5 Questions to Ask Yourself Before Signing a Severance Agreement

Losing your job can be a stressful and difficult experience. You’ll undoubtedly be wondering how you will pay your bills, where you will find a job, and much more. When a company terminates someone’s employment, it sometimes offers a severance agreement that includes a set amount of money to the employee in exchange for the employee’s agreement to not exercise rights which they might otherwise have. These things could include not filing lawsuits against the company, not working for a competitor for a set amount of time, and more.

While these severance packages are sometimes a great option for the employee, this is always the case. Before you sign anything, make sure you ask yourself the following questions. If anything seems to be at all out of the ordinary, make sure you contact Carla D. Aikens, P.C to go over all of your options.

  1. Do My Immediate Financial Needs Outweigh the Potential Compensation from a Wrongful Termination Suit?

If you believe you were wrongfully terminated, or that you experienced any type of harassment or other illegal treatment, you have the potential to file a lawsuit against your former employer. If you sign the severance agreement, however, you have likely given up the right to sue. If you really need the quick payday from the severance agreement, it may be worth giving up the potential lawsuit. If you can afford to wait, however, the lawsuit may have much greater financial potential. Talking to an attorney is the best way to determine what the right course of action may be.

  1. Are They Simply Trying to Keep Me from Suing?

One of the biggest questions you need to ask is what is the motivation of the company for offering this severance package? Most severance packages include a section that limits your ability to file a lawsuit against the company for anything that may have taken place during the time of your employment or after you were terminated. This could include things like wrongful termination, harassment of almost any type, disputed overtime, and much more. If it seems like the company is simply offering this package to try to eliminate a potential lawsuit, it might not be a good idea to sign it.

  1. Does This Agreement Impact Future Employment Opportunities?

Some severance agreements will include a non-compete agreement, which could prevent you from working for a competitor in the same industry for a set amount of time. Depending on where you are working, and which industry, this could be a significant problem. In some situations, it may be best to decline to sign the severance agreement if it would help you to obtain another job more quickly.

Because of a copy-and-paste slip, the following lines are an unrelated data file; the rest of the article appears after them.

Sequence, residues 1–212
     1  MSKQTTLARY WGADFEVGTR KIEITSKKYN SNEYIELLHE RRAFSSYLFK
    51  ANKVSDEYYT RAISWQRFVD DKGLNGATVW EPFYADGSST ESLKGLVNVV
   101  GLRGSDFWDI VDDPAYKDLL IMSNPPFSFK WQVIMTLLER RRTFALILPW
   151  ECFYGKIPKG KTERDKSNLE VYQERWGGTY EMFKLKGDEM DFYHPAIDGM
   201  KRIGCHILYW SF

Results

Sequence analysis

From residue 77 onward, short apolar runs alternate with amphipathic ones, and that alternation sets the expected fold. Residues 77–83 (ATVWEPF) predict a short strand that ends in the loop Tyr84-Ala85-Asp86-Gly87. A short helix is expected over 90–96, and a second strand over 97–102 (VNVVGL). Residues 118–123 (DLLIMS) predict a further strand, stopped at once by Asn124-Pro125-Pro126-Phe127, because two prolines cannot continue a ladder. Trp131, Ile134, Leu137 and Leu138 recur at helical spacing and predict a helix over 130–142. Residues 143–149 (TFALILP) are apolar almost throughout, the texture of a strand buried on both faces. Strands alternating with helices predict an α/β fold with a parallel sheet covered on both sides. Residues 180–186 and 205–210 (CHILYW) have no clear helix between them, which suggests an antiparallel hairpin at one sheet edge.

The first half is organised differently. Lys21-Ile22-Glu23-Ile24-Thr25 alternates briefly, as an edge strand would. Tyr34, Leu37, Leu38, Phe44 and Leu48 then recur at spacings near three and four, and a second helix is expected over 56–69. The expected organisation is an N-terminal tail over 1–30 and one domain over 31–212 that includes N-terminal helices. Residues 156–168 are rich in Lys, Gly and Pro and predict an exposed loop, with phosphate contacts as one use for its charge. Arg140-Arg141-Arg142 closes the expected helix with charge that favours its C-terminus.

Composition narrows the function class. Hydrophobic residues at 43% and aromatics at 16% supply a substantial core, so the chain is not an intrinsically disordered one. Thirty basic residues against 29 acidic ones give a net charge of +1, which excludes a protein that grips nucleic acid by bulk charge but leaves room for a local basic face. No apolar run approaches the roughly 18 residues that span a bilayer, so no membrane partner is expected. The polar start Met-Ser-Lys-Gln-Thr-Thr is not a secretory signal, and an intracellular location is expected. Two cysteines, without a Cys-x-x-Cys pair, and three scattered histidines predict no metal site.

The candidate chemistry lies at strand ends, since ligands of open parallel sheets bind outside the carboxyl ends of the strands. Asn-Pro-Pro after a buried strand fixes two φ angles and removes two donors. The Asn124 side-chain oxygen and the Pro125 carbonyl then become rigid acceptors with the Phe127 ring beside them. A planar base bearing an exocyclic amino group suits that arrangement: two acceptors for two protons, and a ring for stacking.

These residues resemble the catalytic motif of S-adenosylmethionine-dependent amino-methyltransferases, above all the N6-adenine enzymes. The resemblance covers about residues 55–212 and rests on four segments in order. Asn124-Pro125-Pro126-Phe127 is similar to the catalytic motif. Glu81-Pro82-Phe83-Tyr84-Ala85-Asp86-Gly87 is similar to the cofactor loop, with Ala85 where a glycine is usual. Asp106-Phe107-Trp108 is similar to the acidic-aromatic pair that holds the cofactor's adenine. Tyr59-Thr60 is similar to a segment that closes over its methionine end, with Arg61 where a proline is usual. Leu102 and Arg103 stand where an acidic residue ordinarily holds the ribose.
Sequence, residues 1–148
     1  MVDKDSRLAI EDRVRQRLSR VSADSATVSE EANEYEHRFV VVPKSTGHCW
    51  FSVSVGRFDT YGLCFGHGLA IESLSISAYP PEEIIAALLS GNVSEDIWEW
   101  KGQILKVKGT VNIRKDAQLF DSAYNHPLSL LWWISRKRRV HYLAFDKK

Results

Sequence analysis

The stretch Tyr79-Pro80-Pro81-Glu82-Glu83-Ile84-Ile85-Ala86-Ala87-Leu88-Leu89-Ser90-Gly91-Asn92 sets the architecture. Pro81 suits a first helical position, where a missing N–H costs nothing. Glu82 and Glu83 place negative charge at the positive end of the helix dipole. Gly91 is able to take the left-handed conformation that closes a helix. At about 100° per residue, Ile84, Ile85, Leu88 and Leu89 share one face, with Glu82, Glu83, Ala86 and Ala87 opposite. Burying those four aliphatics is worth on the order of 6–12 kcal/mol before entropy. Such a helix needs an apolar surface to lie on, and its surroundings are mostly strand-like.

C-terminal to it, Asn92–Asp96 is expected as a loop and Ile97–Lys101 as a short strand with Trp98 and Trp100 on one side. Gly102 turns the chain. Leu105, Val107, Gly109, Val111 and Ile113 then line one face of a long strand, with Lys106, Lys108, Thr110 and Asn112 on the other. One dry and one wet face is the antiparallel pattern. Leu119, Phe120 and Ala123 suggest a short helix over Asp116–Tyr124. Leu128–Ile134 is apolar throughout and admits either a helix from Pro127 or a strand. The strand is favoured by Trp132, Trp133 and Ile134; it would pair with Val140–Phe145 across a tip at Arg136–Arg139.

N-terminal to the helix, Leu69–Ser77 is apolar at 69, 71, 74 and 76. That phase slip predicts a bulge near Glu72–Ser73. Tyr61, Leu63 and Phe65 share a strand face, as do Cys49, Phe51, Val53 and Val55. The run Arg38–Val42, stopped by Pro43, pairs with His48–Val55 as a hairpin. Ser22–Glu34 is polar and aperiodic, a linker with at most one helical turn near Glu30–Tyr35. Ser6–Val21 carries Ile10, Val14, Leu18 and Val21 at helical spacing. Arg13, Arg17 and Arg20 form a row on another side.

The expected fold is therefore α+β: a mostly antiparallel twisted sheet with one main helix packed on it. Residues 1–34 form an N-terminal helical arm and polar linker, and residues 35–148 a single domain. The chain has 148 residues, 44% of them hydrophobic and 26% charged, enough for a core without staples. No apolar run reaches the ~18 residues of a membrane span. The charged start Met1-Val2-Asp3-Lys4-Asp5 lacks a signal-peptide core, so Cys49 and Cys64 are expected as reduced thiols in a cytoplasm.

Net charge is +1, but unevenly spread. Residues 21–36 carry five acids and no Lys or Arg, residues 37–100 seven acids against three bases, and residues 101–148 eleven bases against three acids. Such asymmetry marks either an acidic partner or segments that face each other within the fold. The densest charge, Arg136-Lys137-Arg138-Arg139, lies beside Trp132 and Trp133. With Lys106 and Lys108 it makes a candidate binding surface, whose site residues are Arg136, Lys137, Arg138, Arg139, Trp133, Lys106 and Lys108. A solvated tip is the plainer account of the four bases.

1. Are the Benefits of Any Value? Are they Negotiable?

In addition to a financial payout, most severance agreements also offer a variety of other benefits. These benefits include access to health care for a set amount of time, job training services, and more. These can be great benefits if you need them, but if you are already getting insurance from a spouse, for example, they may be worthless. You may be able to negotiate the removal of these items, and have them be replaced with a portion of the cost that the company would have incurred paying for them, but there is no way to know without communicating in some manner with the company.

  1. Do I Need an Attorney?

While this question is not specifically about the severance agreement, it is still very important. If you have any doubt about the situation, it is a good idea to show the proposed agreement to an attorney and discuss all of your options. Even if you decide that signing is the best course of action, at least you’ll know that you fully evaluated all of the benefits and risks beforehand.  

If you have been terminated from your job and given a severance agreement, contact the law firm of Carla D. Aikens, P.C. right away. We can schedule a consultation with you to go over your situation and help determine the best course of action to achieve a favorable resolution in your case.

Share this on...Share on FacebookTweet about this on TwitterShare on LinkedInShare on Google+Email this to someone

Written by Carla D. Aikens

Carla D. Aikens

After years of working for large law firms on major corporate cases, Carla D. Aikens chose to go out on her own and found her own firm because she is passionate about helping people of whom others have taken advantage.